The Torah Imagines A Greenbelt


Candlelighting, Readings:
Shabbat candles: 7:48 p.m.
Torah: Num. 30:2-36:13
Haftarah: Jeremiah 2:4-28; 3:4; 4:1-2
Havdalah: 8:47 p.m.

Matot-Massei provides an architectural blueprint for the ideal city. After the Jewish people settle in Canaan, the Torah commands the people to build cities for the Levites (priests). The Torah does not envision a concrete jungle, but cities surrounded by greenery. “And you shall give the Levites open spaces (migrash) around the cites … and their open spaces shall be for their cattle, their property, and for all their needs [Numbers 35:2-3].”

Why do we need open space around cities? The Talmud [Aruchin 33b] offers an environmental benefit of the migrash. The outer area is zoned for agriculture. Residents may plant trees in the migrash but may not use the area for construction; it is to remain an open land for parks. There is an environmental benefit to trees and grass; greenery counteracts pollution. Trees provide much oxygen that sustains an urban life.

Rashi offers a more spiritual explanation. The open space had to remain undeveloped for aesthetic reasons, to beautify one’s surroundings [Rashi 35:2]. It is a space where one goes to exalt in the beauty of God’s creations, of the trees, the flowers and the gardens. The beauty is uplifting. Beyond being good for the environment, it’s actually good for the soul.

In fact, our Torah seems to have a preference for open spaces, classifying them as more spiritually elevating than a city. Consider some of the first cities constructed in Genesis. Nimrod, Noah’s grandson, is responsible for building the cities of Bavel, Erech, Akkad, and Kalnay, each ultimately became corrupt. The Tower of Bavel (Babel) became a paradigm of depraved city life.

God commanded the people to build cities for the Levites, but to combat the potential urban immorality they were commanded to build the migrash, as well.

We no longer observe the law of migrash today. After the destruction of the Temple, we were exiled from our land, without sovereignty. In modern Israel, regaining authority over the land, the Rabbinic leadership gave thought to how to observe the Torah’s other agricultural laws, such as shmitta (the seventh Sabbatical year), and yovel (Jubilee, the seventh cycle of the Sabbatical year). However, the law of migrash was never reintroduced.

And yet, surprisingly, the majority of the rabbis involved in the Talmud’s discussion of the migrash concluded that this law applies to all Jewish towns in Israel, not just the Levite cities. The laws of migrash were extended to all of the Jewish people! Maimonides accepts this opinion as law [Hilkhot Shmittah, Yovel 13:5); that it is ideal for all cities to be surrounded by gardens, by open spaces.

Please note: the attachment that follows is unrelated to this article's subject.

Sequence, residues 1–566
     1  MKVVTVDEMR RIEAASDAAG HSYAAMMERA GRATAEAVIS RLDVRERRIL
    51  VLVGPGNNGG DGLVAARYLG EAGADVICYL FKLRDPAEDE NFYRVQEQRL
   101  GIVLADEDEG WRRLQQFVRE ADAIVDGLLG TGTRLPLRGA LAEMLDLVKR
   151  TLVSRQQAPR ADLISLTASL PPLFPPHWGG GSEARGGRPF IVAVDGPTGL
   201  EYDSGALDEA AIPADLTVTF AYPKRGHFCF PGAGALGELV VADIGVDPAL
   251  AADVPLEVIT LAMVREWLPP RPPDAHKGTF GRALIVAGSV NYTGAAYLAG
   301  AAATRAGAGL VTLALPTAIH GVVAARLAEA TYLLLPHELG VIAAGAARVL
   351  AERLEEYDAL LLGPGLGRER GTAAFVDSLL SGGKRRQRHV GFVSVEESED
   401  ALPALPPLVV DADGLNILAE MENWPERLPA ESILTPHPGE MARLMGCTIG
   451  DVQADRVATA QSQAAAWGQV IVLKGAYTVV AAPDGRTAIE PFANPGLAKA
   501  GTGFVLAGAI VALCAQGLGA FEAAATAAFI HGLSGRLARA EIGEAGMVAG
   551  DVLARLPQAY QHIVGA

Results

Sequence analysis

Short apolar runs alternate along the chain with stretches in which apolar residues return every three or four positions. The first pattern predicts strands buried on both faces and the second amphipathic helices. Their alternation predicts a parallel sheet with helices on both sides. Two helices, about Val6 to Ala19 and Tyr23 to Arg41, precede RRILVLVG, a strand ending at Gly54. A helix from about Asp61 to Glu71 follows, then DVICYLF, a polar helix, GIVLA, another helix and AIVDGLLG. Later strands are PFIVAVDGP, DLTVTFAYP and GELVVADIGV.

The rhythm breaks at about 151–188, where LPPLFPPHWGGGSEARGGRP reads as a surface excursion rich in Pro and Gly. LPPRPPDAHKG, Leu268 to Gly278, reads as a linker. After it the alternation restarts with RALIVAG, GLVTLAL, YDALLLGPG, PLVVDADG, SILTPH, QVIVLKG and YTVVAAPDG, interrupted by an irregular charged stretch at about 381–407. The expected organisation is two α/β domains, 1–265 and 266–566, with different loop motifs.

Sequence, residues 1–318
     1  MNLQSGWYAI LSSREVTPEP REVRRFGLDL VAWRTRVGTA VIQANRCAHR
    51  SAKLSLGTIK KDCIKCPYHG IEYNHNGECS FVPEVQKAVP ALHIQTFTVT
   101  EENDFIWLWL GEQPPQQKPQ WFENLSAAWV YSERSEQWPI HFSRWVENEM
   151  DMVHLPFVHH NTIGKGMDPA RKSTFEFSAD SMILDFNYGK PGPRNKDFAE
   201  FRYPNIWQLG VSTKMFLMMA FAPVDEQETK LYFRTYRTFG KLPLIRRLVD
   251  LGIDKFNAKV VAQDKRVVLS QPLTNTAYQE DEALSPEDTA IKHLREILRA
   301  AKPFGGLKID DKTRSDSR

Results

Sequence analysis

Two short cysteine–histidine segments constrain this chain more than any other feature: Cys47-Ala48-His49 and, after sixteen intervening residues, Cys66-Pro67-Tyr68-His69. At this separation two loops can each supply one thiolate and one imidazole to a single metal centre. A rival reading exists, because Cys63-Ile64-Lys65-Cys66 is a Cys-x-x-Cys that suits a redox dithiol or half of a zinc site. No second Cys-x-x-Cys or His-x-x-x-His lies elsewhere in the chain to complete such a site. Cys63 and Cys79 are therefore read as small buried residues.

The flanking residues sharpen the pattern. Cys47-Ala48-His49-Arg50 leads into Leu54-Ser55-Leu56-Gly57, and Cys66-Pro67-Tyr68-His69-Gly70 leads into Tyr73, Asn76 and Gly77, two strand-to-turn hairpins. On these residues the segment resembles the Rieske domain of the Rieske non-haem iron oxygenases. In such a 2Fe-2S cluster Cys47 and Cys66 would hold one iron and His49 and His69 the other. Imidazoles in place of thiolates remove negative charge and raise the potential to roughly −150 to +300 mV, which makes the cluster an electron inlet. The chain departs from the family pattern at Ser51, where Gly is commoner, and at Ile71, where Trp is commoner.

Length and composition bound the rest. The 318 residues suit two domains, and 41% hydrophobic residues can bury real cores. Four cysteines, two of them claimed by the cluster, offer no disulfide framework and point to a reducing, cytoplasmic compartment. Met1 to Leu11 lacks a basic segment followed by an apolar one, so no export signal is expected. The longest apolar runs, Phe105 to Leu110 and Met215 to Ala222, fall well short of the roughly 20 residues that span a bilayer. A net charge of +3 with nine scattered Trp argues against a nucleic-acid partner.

So I wonder, is there anything we can derive from the mitzvah of migrash, the mitzvah of open spaces, even if today we cannot literally designate large, open, undeveloped areas surrounding our communities? Besides obvious environmental benefits, why are open spaces necessary?

The Torah describes the migrash as a place that would be “lchol chayatam” for all the living needs of the Levites. Sforno, a biblical commentator, interprets lchol chayatam to include activities such as cultivating beehives and dovecotes. I imagine people, taking a break from a long hard day’s work in the city, going out to the migrash, to the field, to commune with Nature, where they can engage in an activity that is relaxing and enjoyable, rejuvenating the spirit.

Perhaps then, the mitzvah of migrash can be seen as a metaphor for allowing unpopulated, quiet space in all the noise, allowing us to rejuvenate. In the hustle and bustle of our world, the migrash inspires us to wander about the unknowable essence of God, contemplating all that the world has to offer. It suggests that we give ourselves some space to reflect, whether we have filled our daily lives with all we had hoped for.

The migrash quite literally provides necessary oxygen, allowing us space to catch our breath, releasing the clutter that fills our lives. The serenity and beauty that it conveys inspires a more healthful outlook, imploring that we slow down, and pay attention to our surroundings.

The Torah is telling us that we must build, create and produce. But as we do so, we must remember to pause, to create an empty and quiet space, like the migrash, where we can contemplate our lives and rejuvenate our spirit. 

Rabba Sara Hurwitz is the dean and co-founder of Yeshivat Maharat and Rabba at the Hebrew Institute of Riverdale — The Bayit.